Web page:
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If it was delivered as a parcel then collection would be from a far less convenient location but all parcel carriers leave a card if delivery is not possible and I have never had any problems arranging an alternative delivery date by phone with any carrier.
Sounds to me as if the customer was just being bloody minded about not making alternative delivery arrangements but you can't prove a thing.
I suggest any parcel / valuable items for delivery in the UK are sent requiring a signature on delivery. If the parcel is undelivered after 14 days you can make a claim the the post office will either find the item or pay compensation.
In the 1970's I ran a very small mail order part time business. Every item I sent out was sent signed for and some months I made more money claiming compensation (a fixed sum) than I did from the actual goods lost.
I don't think this would work now. And also the extra work invoved in filling in forms may not make it worth while.
[edited by: Patrick_Taylor at 10:50 pm (utc) on June 26, 2007]
The mailing of this post card counts as a "delivery attempt"... no one actually carries the package to the door until money exchanges hands.
Quite possibly, the two delivery attempts were nothing more than two postcards that may have gotten filed by your customer.
An unmotivated customer who doesn't pay their import taxes the first time isn't likely to change their bahavior if you re-ship the package. I'd refund their money and walk away.
I agree. I beleive our emails and the postal notifications were ingnored. I have doubts that a second shipping will produce better results. The postal is still showing the second attempt, but not that the package is enroute back to us. I think I'll wait for the postal to return the package and issue a refund.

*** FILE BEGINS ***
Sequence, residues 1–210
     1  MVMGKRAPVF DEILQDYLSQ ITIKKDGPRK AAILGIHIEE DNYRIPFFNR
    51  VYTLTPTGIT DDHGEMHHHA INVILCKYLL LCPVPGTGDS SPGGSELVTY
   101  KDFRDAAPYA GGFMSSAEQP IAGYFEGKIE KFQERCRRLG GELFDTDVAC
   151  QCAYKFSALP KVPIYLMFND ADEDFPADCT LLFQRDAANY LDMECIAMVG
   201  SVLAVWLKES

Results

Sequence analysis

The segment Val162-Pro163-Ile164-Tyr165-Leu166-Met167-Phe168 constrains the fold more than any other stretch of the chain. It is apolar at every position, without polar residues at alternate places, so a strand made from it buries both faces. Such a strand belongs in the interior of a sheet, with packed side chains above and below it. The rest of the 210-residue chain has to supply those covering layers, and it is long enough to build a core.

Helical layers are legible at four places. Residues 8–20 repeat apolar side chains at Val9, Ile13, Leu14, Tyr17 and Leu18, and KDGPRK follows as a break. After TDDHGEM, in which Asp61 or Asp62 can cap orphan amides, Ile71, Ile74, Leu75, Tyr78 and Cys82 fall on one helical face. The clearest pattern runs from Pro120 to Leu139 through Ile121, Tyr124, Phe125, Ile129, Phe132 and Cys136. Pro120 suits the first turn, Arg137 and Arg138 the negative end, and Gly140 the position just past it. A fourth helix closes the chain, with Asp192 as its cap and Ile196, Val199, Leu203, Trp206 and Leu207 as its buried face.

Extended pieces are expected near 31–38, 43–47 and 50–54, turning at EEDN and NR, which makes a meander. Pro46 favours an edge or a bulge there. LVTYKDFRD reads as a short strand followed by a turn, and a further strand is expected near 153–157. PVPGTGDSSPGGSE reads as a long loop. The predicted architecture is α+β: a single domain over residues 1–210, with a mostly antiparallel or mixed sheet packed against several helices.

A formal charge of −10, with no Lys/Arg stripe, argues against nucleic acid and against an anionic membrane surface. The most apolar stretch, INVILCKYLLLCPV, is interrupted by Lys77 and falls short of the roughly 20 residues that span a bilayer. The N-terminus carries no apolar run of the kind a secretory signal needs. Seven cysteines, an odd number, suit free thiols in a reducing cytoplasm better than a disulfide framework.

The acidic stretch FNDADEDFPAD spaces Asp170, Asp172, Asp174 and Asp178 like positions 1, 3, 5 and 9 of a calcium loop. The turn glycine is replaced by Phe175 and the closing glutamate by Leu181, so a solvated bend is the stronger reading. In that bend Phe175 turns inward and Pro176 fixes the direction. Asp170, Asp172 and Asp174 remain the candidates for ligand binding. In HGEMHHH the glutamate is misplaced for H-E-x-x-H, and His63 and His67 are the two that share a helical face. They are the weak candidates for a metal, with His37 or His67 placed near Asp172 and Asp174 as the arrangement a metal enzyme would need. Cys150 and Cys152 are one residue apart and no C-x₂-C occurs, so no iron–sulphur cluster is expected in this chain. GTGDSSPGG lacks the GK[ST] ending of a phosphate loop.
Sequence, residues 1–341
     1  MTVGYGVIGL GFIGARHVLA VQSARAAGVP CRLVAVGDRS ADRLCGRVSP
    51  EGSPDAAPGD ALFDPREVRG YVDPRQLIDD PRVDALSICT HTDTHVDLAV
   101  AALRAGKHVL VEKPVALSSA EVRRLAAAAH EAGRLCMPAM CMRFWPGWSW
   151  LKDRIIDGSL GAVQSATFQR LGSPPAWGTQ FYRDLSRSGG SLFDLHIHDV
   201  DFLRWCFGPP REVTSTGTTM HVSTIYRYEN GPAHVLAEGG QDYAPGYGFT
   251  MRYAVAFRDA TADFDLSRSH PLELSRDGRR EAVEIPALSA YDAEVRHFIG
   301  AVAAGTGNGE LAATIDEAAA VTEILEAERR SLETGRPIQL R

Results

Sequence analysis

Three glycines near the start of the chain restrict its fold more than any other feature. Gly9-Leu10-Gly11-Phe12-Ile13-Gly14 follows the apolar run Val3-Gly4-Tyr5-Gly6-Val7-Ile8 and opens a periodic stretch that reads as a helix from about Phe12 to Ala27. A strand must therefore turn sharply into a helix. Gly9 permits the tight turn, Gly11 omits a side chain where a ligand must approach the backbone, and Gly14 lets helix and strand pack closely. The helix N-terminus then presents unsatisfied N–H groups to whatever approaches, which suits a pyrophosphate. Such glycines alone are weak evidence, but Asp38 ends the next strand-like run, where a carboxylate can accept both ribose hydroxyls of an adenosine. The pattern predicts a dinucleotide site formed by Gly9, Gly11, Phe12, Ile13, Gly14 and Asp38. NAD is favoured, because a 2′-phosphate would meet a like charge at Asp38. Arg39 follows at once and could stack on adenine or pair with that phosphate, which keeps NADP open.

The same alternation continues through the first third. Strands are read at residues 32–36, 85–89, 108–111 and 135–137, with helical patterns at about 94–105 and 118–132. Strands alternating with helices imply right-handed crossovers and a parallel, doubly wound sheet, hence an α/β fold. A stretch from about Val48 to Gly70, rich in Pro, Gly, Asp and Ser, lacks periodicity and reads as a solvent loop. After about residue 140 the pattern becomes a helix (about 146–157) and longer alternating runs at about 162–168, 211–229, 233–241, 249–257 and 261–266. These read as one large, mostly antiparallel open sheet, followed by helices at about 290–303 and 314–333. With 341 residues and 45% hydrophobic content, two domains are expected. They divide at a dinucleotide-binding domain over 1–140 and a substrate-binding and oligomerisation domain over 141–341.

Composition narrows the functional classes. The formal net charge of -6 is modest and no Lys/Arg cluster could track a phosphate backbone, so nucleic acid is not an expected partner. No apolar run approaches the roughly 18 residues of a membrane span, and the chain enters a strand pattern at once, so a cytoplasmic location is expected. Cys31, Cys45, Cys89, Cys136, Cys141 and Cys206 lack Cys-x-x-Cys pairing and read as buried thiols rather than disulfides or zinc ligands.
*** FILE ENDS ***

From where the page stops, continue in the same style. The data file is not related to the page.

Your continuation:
numnutz - Perhaps I'll get lucky and they will lose the package! It was insured.
Thank you to all
As the item is still in the system (ie, hasn't disappeared with both sides claiming it's not with them) I'd go with the customer on this one and try and get the parcel back out again.
As has been said, Royal Mail offer a couple of service levels:
- Standard post which is pretty much down to luck whether you receive your mail on time if at all.
- Recorded/signed for which as it suggests, requires a signature however this can generally be signed for by anyone and will take days after it has been "delivered" before a signature can be found in the system. I'm lucky enough to have a decent postman who will leave recorded mail in a secure porch and sign for the item himself (obviously not possible in a lot of circumstances and likely to get him fired, but it's a good service for me).
There is also a small reimbursement for claims, but these are generally not worth it as they're unlikely to cover the cost of the item, the amount the customer has paid and the time spent going through the claims process. I believe the claim is also paid out in postage stamps (I may be wrong on this).
- Special delivery is pretty much the daddy of their post service and offers tracking through their network of depots and also needs to be signed for. You can also insure the item for realistic values to ensure neither yourselves or the customer are out of pocket.
Other options may be to use an International courier such as DHL or UPS (haven't UPS just bought out DHL? Or was that TNT? Anyway...) and have the same kind of service that you'd expect anywhere in the world.
It's an inconvenience for them to collect it, but you're not to blame and it shouldn't reflect on you.